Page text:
Workers dig carefully in search of 47 people missing after mine collapse in China

Police officers talking to a truck driver at a checkpoint
Police officers talk to a truck driver at a checkpoint on a road leading to a collapsed mine in northern China.
(Ng Han Guan / Associated Press)

Work crews trying to find 47 people missing after a collapse of an open-pit mine in northern China have had to change their excavation methods to avoid causing more landslides, state media reported Friday.

Six people have been confirmed dead, and six injured people have been rescued at the mine in Inner Mongolia’s Alxa League as of Thursday night, broadcaster CCTV said.

With a large collapsed area at the mine, the digging done by backhoes and bulldozers carries the risk of more collapses. The crews are excavating by layers and making trapezoid-shaped descents to carry on their search from both sides of the mountain in an adjustment of their rescue plans, the CCTV report said.


On Friday, heavy machines were seen working on the top level of the collapsed site, searching for trapped vehicles and missing persons.

“It is very challenging to conduct rescue work,” Li Zhongzeng, head of Alxa League in Inner Mongolia, told CCTV. “Rescue workers from everywhere, including those in neighboring regions, are rushing to the site.”

The initial cave-in of one of the pit’s walls occurred about 1 p.m. Wednesday, burying people and mining trucks below in tons of rocks and sand. A brief video of the collapse posted on the website of the Beijing Times showed a massive wall of reddish dirt or sand crashing down a slope onto mining vehicles moving below.

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A subsequent landslide about five hours later halted rescue efforts before they resumed Thursday.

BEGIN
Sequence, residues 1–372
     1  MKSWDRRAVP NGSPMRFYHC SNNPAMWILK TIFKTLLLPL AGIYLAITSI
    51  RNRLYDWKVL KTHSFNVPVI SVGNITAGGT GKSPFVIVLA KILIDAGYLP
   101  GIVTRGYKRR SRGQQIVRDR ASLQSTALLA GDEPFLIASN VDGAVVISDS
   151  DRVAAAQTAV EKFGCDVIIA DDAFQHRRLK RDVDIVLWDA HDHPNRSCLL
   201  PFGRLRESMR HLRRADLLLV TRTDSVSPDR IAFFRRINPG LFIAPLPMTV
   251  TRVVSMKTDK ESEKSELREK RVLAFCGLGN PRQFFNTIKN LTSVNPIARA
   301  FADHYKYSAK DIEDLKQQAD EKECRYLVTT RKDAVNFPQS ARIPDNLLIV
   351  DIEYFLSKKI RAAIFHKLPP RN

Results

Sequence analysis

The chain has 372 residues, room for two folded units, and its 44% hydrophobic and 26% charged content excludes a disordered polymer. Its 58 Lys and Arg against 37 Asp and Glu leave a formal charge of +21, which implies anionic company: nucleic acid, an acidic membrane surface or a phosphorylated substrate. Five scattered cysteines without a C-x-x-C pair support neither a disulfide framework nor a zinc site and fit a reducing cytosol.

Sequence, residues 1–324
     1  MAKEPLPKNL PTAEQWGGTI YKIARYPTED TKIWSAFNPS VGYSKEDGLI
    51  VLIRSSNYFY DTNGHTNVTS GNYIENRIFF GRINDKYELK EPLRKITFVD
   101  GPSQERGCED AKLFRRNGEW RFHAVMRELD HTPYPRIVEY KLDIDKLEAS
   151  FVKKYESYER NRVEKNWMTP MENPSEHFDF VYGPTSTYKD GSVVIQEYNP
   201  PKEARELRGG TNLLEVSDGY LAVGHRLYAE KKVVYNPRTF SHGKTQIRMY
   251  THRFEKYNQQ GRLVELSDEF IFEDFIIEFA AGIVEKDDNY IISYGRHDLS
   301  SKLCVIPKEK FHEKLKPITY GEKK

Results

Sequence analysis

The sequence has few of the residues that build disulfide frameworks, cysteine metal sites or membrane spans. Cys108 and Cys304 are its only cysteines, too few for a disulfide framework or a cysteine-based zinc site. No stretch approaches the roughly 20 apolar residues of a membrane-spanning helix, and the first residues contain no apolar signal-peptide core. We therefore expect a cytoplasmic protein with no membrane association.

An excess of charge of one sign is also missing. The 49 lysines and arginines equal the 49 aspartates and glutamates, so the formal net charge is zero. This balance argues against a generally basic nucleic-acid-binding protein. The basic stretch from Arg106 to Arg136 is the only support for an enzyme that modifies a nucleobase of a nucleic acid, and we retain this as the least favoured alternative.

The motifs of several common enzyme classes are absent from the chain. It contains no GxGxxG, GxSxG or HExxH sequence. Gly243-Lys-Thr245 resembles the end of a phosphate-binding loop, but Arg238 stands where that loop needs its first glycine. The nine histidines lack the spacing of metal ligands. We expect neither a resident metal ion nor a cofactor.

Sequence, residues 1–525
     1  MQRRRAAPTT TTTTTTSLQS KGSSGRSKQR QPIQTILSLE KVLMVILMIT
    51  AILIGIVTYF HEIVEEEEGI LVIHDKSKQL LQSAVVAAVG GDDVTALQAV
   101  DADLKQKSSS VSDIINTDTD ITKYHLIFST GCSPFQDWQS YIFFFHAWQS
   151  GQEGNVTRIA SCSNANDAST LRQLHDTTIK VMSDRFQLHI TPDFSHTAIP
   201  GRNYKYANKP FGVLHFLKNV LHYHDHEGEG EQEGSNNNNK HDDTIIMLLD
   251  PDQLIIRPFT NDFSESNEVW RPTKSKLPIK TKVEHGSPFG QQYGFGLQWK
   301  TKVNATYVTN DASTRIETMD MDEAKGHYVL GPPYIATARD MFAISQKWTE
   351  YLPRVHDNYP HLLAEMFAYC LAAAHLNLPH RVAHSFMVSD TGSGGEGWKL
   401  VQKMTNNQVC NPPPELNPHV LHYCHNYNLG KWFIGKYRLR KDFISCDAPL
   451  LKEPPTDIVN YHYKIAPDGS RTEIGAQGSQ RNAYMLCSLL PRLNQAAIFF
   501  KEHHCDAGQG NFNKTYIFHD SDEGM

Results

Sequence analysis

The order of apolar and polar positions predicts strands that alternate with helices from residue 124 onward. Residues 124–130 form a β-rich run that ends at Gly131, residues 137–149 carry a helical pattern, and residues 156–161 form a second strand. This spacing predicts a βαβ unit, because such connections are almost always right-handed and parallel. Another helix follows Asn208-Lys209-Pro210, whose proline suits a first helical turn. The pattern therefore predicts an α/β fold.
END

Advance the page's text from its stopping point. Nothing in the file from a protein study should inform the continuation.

CCTV said 1,160 rescuers were currently at the scene. They were seen using heavy machines, shovels and rescue dogs in their search for miners.


Wang Xiangxi, minister of emergency management, said authorities should investigate the disaster and hold accountable anyone who was responsible for it.

Authorities in the Inner Mongolia Autonomous Region also issued an urgent notice asking all districts to perform safety checks and eliminate any hidden risks, according to a local state newspaper. It said every level of the government must learn lessons from the collapse and start planning inspections on open-pit mines in the region immediately. Those who do not comply with the request and cause accidents will be held accountable, it added.

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On Friday, security remained tight at a checkpoint between Inner Mongolia and the neighboring region of Ningxia, with two police officers in yellow vests checking vehicles that were trying to get past what one of them called a “restricted” area.

Some trucks were turned away from proceeding farther, but others, including an emergency vehicle driving very fast with a siren blaring, as well as a truck carrying rescue supplies, were let in. The checkpoint appeared quieter compared with a day ago.

The company running the mine, Inner Mongolia Xinjing Coal Industry, was fined last year for multiple safety violations, including insecure routes, unsafe storage of volatile materials and lack of safety training, according to the Paper news website.

Inner Mongolia is a key region for mining of coal, minerals and rare earths that critics say has ravaged the region’s landscape of mountains, grassy steppes and deserts.

China overwhelmingly relies on coal for power generation but has tried to cut the number of deadly mine accidents through a greater emphasis on safety and the closure of smaller operations that lacked necessary equipment.